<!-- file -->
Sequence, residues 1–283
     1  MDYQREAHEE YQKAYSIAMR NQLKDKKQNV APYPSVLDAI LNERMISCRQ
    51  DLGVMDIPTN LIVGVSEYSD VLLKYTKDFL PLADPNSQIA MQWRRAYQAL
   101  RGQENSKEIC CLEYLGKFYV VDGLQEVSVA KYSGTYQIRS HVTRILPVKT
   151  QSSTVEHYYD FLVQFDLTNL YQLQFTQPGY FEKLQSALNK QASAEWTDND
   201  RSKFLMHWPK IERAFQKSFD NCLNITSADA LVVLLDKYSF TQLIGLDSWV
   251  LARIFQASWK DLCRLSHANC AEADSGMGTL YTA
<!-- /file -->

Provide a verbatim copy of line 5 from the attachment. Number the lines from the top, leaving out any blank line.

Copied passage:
   151  QSSTVEHYYD FLVQFDLTNL YQLQFTQPGY FEKLQSALNK QASAEWTDND